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U.S. Naval Base Researches New Corrosion Monitoring Techniques

The technology office at the U.S. Naval Surface Warfare Center Port Hueneme Division (NSWC PHD) (Port Hueneme, California, USA) is researching and developing new techniques to rapidly assess corrosion in materials before being transferred to ships.

These techniques are designed to significantly reduce costs and increase safety when introducing new materials to the fleet. According to Armen Kvryan, materials engineer and project lead, the technique uses a potentiostat to assess the corrosion behavior of a metal using various methods. Two of these techniques are anodic polarization (AP) and electrochemical impedance spectroscopy (EIS).

“AP can predict when materials will begin to pit and EIS can measure and rank the performance of coatings on different metals,” Kvryan says. “The information from EIS can be modeled and can predict, on an atomistic level, how the material will behave on a ship.”

With specific tools, his team can quickly mimic an environment and test the materials before it is sent to the ship. “With this technique we can quickly assess the metal to determine if it is viable,” Kvryan says. “The plan is to first test the metals and coatings in the lab before it goes out to the ship. We can test it in the lab quickly, instead of months at sea, to determine if the metal is viable. This saves time and money.”

“With this technique and others, such as the thermography unit, we are upgrading what we currently can do to assess materials,” he adds.

The equipment Kvryan and his team will utilize is being purchased and will be used in late 2019 or early 2020. “The key here is rapid screening of materials before it gets out to the fleet,” he says.

The thermography unit is another newly acquired testing apparatus. It can measure the rate of thermal decay of materials, explains Tim Tenopir, senior materials scientist. By knowing the heat signature of a material, it is possible to learn a lot about its properties.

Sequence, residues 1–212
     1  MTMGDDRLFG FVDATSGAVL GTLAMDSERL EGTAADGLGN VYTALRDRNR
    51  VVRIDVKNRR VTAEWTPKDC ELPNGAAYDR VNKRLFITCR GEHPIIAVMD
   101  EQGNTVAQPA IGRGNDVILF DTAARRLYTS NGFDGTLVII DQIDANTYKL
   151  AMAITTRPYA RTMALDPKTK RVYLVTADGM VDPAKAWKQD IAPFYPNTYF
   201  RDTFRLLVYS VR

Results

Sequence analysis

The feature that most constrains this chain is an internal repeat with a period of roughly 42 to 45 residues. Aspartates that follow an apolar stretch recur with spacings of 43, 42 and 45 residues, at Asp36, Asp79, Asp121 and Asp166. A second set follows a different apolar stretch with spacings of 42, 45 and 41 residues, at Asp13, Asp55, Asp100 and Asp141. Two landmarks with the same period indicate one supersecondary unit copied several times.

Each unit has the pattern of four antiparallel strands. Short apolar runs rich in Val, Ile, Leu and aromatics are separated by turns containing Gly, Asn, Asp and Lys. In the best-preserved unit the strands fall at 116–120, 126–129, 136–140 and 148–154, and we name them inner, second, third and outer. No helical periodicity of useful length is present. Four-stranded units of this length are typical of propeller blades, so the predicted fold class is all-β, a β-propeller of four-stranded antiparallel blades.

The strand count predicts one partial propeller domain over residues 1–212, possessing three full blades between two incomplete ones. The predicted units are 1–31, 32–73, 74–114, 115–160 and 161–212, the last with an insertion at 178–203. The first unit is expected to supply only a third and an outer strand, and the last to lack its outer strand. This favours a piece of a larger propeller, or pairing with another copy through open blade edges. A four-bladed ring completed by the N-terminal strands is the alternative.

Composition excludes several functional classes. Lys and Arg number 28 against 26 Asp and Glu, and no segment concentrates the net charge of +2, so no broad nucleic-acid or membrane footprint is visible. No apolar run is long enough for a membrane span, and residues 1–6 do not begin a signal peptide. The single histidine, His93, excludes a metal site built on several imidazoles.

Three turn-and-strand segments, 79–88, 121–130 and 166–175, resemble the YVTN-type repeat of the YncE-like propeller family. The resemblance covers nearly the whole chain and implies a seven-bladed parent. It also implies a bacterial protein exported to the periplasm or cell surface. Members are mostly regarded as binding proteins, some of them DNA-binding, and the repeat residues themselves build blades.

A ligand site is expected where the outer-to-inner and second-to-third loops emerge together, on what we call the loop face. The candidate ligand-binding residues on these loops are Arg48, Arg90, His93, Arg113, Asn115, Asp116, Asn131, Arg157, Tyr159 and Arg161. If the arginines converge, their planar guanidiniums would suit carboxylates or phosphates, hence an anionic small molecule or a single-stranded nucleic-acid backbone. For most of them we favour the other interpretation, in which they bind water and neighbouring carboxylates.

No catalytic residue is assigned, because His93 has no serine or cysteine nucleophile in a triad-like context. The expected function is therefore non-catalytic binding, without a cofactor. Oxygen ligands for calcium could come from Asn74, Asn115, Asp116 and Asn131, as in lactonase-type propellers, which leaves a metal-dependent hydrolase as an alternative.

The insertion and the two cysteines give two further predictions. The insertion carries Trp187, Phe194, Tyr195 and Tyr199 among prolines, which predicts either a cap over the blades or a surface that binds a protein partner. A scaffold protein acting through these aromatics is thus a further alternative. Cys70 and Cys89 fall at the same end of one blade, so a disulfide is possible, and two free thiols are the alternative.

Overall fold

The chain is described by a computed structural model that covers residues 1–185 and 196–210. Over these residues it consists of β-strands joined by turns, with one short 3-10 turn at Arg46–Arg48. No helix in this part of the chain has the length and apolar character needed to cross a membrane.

“We can use this in conjunction with our new micro-climate chamber to determine how durable the material is in extreme temperatures,” Tenopir says. “Again, with this suite of testing equipment, we can provide quality control of materials before it goes to the ships, increasing safety and fleet readiness while reducing cost.”

These innovations received support from U.S. Naval Innovative Science and Engineering funds to further research, develop and eventually transition to operational use.

“These techniques will benefit our Sailors and Marines by making sure they get equipment that has been quickly but thoroughly researched and tested so it doesn’t fail once it’s needed,” Kvryan says.

There have been several new advancements and upgrades to the research capabilities at Port Hueneme, he explains, including a new innovative lab where many of these techniques are being tested. “We’re developing a strong research group here,” Kvryan says. “We want to be proactive, not only looking at the near future, but 20 and 30 years ahead.”

Source: U.S. Defense Video Imagery Distribution System, www.dvidshub.net.